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Justices debate state’s right to take tort recoveries from Medicaid beneficiaries

ARGUMENT ANALYSIS
sketch of empty lectern and counsel's table where attorneys argue at supreme court

Monday’s argument in Gallardo v. Marstiller displayed a bench surprisingly divided over a relatively simple question of statutory interpretation. The topic is what to do when a state Medicaid program pays for injuries that a beneficiary suffers, if the beneficiary later recovers a settlement from a third party that caused the injury. All agree that the state can take the portion of the settlement that addresses past medical expenses. The problem, if the settlement for past medical expenses is not enough to repay the expenses already paid by Medicaid, is whether the state also can take the part of the settlement that reflects future medical expenses.

The statute’s treatment of that problem is obscure. Because Medicaid is supposed to pay for medical expenses, rather than lend money for them, the state generally cannot recover its expenses from the injured beneficiary. The statute takes a different approach, though, when a third party caused the injury and so is legally responsible to pay the beneficiary’s expenses. In that case, the state is supposed to “seek reimbursement” from the third party; the statute (in 42 U.S.C. § 1396k(a)(1)(A)) broadly assigns to the state all of the beneficiary’s rights “to payment for medical care from any third party,” a phrase that easily could include payments made for past or future medical expenses. Other provisions, though, including 42 U.S.C. 1396a(a)(25)(H), provide that the state acquires those rights only to the extent that “payment has been made under the State plan for medical assistance.” The general question is whether those provisions describe different rights of the state (with broader and narrower coverage) or a single scheme of rights all limited to medical expenses for which the state already has provided payment.

Several of the justices focused closely on the language in subsection (a)(1)(A), reaching all rights to “payment for medical care.” For example, Justice Elena Kagan (talking to counsel for the injured Giannina Gallardo) commented that it seemed more sensible to read the statute as describing the kinds of things that Medicaid covers – a “service distinction” rather than a “past/future distinction.” Justice Stephen Breyer went so far as to say that Gallardo’s problem in challenging Florida’s right to reimburse itself out of settlements allocated to future medical expenses is that the statute simply “says it can” take that money. Justice Amy Coney Barrett’s comments suggested that she shares that perspective. For those justices, the language supports Florida’s view that it is entitled to take all medical-expense recoveries, whether for past or future expenses, up to the amount that the state already has paid for past medical expenses.

As the argument progressed, though, several justices displayed increasing dissatisfaction with the broad implications of that reading. Among other things, Florida’s heavy reliance on the unadorned reference to “medical expenses” implies that the state can take a tort settlement directed at medical expenses, not only if they are future medical expenses that the state has not yet paid (and might never pay), but even if they are medical expenses not covered by Medicaid. That view was particularly unpalatable for Justice Sonia Sotomayor, who commented at one point with incredulity:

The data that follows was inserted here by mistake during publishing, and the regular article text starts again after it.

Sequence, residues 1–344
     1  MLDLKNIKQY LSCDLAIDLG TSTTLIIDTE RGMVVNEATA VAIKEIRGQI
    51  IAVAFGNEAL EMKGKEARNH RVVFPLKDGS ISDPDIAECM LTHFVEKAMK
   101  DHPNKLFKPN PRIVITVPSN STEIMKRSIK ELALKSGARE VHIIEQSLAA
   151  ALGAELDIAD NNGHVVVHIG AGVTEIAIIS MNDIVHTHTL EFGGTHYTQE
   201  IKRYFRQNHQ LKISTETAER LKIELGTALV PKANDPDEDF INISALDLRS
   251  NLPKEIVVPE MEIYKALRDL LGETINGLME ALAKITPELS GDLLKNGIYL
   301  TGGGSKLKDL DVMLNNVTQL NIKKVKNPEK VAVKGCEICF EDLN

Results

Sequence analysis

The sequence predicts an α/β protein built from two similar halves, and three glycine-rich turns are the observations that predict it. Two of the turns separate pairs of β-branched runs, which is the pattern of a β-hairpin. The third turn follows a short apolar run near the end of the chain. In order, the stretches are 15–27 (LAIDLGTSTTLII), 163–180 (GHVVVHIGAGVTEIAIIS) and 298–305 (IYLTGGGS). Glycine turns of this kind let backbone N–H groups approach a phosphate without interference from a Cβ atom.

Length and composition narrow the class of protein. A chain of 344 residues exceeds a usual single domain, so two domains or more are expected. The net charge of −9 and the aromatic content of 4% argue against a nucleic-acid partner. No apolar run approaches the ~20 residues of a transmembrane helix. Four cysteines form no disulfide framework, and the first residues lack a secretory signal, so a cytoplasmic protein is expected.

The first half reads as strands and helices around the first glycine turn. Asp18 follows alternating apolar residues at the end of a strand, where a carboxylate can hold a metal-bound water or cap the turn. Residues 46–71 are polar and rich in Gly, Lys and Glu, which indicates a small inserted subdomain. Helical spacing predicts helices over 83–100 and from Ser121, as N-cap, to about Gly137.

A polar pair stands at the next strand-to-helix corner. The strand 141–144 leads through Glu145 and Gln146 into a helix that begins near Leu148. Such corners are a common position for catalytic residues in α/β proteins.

That seems extraordinary … what you’re reading into the statute, an anti-lien statute, that permits you only to get an assignment of what you have paid for. Now you’re saying the assignment … is incredibly broader than that, [that it reaches the tort recovery] whether you paid for it or not, whether you were required to pay for it or not, and [whether it is past or] future expenses, that you’re assigned the individual’s entire rights. That’s what you’re telling me?

Although not so emphatic in their disagreement, other justices sent signals that they might balk at such a broad reading. Kagan, for example, joined Sotomayor in doubting the possibility that Congress could have intended for states to recover from payments for medical expenses that Medicaid wouldn’t cover.

Breyer was not so direct, but was plainly uncomfortable with the state’s “higgledy-piggledy” reading, which he compared unfavorably to Gallardo’s request that the court interpret the provisions “consistently with the whole spirit of the thing, which is to leave the money with the Medicaid victim.” And even Justice Brett Kavanaugh pointed out that the state was unable to defend a pure reading of the statute that did not accept the importance of “context” in interpretation.

In the end, given the relatively low stakes of this case, the justices well might resolve this in discussion and issue a unanimous or near-unanimous decision. About the only thing that is clear from the argument is that Sotomayor is never going to agree with the position of the state.

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